(1) The optimization method proposed in this paper overcomes the original limitation of relying only on experience or hydrodynamic performance optimization to modify the line shapes of the underwater vehicle hull and conning tower. Further, it can be utilized to perform automatic optimization of the shapes of the hull and conning tower for acoustic concealment within a given frequency band and angle range.

(2) When the plane wave was *f* = 5.0–10.0 kHz and an incident angle range of 0°–180°, the optimized hull has a total average TS 5.89 dB lower than that before optimization when this method is applied. In particular, the abeam angle is reduced by about 10.37 dB, and the optimized volume is 85.2% *V*_{0}. The total averaged TS of the optimized conning tower is 18.21 dB lower than that before optimization in the optimized frequency band, and the optimized volume is 85.1% *V*_{0}.

(3) When the plane wave was *f* = 5.0–10.0 kHz and the incident angle range is 0°–180°, the total average TS of the hull and conning tower combination is reduced by 10.58 dB compared with combination of hull and conning tower before optimization. When the abeam angle is 90°, the total average TS after optimization is reduced by 10.36 dB compared to that before optimization.

The optimization method proposed in this paper has still some deficiencies. For example, one of the constraint conditions is the volume or displacement of optimization model should be within 15%, which makes the reduction of TS depends on two factors, i.e., both the shape modification and the volume variation. However, if the volume variation can be constrained within 1%, the optimization work will be more rigorous and convincing. But meanwhile, the convergence performance of this optimization will be worse and unsatisfied, and the optimization process will be more time-consuming. Thus the optimization algorithm need further research and improvement in the future. In conclusion, the optimization method can greatly reduce the TS of the hull and conning tower in a given frequency band and incident angle range, enabling the automatic optimization of underwater vehicle hull and conning tower shapes for acoustic stealth. This optimization method can serve as a reference for the design of underwater acoustic stealth vehicle shapes.

## Data availability statement

The original contributions presented in the study are included in the article/supplementary material, further inquiries can be directed to the corresponding author.

## Author contributions

We thank YT and BL for in modeling and simulation. We thank XW and ZP for instruction. We also thank XM and SG for their helpful discussions.

## Funding

This work was supported by the Foundation Strengthening Program Area Fund of Science and Technology Commission of the Central Military Commission (No. 2020-JCJQ-JJ-228), Natural Science Foundation of Jiangsu Province (No. BK20200995) and National Youth Science Foundation of China (No.52201397).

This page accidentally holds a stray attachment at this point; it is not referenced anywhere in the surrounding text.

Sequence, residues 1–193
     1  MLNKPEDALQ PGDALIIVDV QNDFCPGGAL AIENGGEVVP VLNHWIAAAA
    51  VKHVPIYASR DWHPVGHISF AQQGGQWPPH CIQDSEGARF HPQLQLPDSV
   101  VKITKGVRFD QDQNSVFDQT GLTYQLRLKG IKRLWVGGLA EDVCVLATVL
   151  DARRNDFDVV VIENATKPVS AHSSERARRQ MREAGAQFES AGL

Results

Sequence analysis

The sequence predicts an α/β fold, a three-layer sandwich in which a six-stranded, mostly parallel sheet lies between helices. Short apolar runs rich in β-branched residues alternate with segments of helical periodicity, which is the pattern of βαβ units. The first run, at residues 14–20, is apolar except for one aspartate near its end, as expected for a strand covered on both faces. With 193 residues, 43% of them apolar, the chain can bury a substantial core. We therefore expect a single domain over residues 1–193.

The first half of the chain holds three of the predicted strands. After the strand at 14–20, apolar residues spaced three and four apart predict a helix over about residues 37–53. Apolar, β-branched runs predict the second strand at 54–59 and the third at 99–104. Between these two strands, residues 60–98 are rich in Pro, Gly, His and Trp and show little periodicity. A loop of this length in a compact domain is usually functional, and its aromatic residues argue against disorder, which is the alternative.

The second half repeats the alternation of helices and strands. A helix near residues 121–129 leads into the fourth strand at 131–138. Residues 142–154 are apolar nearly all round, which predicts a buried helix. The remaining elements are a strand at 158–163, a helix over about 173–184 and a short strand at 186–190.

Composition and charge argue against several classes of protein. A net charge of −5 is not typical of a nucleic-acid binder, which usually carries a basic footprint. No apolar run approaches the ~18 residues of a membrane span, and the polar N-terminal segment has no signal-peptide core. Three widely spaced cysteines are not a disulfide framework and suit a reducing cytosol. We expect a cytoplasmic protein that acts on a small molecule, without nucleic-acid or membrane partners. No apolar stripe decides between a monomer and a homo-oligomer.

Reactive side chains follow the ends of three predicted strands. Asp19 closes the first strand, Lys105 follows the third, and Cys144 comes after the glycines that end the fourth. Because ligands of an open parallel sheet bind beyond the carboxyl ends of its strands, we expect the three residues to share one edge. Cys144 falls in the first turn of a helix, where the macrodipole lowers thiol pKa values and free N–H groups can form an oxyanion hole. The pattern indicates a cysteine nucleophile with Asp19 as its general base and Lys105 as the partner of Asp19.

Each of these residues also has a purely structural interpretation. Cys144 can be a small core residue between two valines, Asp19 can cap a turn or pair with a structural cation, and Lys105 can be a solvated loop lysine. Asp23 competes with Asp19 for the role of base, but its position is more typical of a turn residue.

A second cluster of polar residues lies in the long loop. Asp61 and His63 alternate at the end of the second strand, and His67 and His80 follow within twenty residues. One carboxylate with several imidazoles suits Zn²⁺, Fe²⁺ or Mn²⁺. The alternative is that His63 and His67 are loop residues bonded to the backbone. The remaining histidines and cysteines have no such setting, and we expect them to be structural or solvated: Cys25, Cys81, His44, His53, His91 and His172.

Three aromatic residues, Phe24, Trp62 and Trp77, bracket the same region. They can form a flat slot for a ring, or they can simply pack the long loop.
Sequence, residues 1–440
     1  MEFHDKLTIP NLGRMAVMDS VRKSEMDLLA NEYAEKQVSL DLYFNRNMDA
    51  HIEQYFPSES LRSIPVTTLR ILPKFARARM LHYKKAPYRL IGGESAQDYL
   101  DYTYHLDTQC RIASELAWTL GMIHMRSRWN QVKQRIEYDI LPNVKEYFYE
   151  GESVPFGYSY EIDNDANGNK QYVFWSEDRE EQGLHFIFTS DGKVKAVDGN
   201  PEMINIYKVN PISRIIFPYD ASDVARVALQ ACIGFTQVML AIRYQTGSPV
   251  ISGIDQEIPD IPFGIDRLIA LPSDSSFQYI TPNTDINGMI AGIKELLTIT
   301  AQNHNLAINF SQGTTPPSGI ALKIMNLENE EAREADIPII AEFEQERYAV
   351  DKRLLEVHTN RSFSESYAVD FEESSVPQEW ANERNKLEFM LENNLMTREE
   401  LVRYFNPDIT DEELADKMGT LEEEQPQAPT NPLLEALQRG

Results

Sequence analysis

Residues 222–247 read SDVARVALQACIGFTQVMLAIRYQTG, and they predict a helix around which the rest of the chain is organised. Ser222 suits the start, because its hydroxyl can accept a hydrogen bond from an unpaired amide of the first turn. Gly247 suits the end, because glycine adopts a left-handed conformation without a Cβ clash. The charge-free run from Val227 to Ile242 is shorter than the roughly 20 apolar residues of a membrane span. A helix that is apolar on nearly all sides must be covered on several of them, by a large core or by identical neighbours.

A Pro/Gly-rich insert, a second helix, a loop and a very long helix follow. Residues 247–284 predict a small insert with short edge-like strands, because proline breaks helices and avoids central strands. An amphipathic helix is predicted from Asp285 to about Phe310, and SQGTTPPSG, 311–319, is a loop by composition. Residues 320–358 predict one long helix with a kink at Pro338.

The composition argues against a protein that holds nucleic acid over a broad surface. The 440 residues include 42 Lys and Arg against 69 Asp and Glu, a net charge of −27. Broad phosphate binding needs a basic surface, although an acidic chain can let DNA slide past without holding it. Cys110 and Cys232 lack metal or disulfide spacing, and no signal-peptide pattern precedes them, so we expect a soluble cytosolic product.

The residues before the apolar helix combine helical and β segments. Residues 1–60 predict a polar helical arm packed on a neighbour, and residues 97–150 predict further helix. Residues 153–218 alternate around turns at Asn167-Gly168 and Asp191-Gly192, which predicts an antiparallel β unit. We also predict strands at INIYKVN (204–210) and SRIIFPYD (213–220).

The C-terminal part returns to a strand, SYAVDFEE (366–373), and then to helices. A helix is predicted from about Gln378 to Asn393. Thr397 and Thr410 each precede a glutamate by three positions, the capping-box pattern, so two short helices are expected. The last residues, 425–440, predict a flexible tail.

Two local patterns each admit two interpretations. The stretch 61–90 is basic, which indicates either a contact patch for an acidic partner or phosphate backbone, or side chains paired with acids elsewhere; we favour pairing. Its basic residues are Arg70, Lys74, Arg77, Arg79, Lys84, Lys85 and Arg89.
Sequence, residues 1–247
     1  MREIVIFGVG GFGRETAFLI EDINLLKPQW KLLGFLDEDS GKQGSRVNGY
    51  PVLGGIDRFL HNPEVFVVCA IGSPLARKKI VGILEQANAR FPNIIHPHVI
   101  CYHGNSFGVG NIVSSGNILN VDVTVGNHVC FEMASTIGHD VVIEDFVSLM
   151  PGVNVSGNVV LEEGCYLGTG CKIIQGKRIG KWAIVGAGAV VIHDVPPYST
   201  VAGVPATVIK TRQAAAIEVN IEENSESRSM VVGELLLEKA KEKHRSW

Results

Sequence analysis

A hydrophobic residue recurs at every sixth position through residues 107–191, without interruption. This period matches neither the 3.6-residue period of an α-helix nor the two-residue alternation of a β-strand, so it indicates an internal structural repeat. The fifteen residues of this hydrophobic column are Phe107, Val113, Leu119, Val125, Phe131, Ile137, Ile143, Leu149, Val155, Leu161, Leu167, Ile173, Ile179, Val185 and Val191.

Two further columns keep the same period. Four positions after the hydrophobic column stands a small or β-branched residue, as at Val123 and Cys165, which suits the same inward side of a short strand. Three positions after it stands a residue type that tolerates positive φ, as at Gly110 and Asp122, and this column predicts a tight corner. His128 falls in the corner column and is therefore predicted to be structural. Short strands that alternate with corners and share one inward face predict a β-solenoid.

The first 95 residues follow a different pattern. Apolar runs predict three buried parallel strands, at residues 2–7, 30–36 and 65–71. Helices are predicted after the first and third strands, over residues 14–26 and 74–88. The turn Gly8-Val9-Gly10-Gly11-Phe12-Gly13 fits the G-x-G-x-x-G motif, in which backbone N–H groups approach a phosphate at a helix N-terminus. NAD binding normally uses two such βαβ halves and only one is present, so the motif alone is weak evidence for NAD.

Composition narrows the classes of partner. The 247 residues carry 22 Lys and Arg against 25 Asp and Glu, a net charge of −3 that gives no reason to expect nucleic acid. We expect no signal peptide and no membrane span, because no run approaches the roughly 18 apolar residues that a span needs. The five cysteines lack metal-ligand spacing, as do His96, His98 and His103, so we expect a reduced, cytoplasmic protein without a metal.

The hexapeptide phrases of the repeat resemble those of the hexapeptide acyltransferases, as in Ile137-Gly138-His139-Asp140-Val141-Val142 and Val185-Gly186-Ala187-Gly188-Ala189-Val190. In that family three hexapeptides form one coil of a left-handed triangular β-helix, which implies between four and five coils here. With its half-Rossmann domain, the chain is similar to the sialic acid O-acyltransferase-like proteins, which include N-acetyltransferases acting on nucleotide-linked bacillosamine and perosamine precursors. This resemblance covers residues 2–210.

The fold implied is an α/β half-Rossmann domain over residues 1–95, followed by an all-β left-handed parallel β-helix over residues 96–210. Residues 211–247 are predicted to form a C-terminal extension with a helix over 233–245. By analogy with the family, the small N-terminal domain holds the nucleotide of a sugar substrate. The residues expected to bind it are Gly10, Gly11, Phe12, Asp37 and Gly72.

## Acknowledgments

We are grateful for the proofreading of the article by Jiaman Du. Finally, we would like to thank the reviewers for the insightful comments and helpful suggestions made.

## Conflict of interest

The authors declare that the research was conducted in the absence of any commercial or financial relationships that could be construed as a potential conflict of interest.

## Publisher’s note

All claims expressed in this article are solely those of the authors and do not necessarily represent those of their affiliated organizations, or those of the publisher, the editors and the reviewers. Any product that may be evaluated in this article, or claim that may be made by its manufacturer, is not guaranteed or endorsed by the publisher.

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Keywords: target strength, acoustic stealth, phase interference, optimization design, underwater vehicle model, conning tower

Citation: Tang Y, Wang X, Miao X, Gao S, Li B and Peng Z (2023) Optimum design of acoustic stealth shape of underwater vehicle model with conning tower. *Front. Phys.* 11:1105787. doi: 10.3389/fphy.2023.1105787

Received: 23 November 2022; Accepted: 16 January 2023;

Published: 07 February 2023.

Edited by:

Zhixiong Gong, Shanghai Jiao Tong University, ChinaReviewed by:

Yongou Zhang, Wuhan University of Technology, ChinaChengzhi Shi, Georgia Institute of Technology, United States

Copyright © 2023 Tang, Wang, Miao, Gao, Li and Peng. This is an open-access article distributed under the terms of the Creative Commons Attribution License (CC BY). The use, distribution or reproduction in other forums is permitted, provided the original author(s) and the copyright owner(s) are credited and that the original publication in this journal is cited, in accordance with accepted academic practice. No use, distribution or reproduction is permitted which does not comply with these terms.

*Correspondence: Xueren Wang, wangxueren@aliyun.com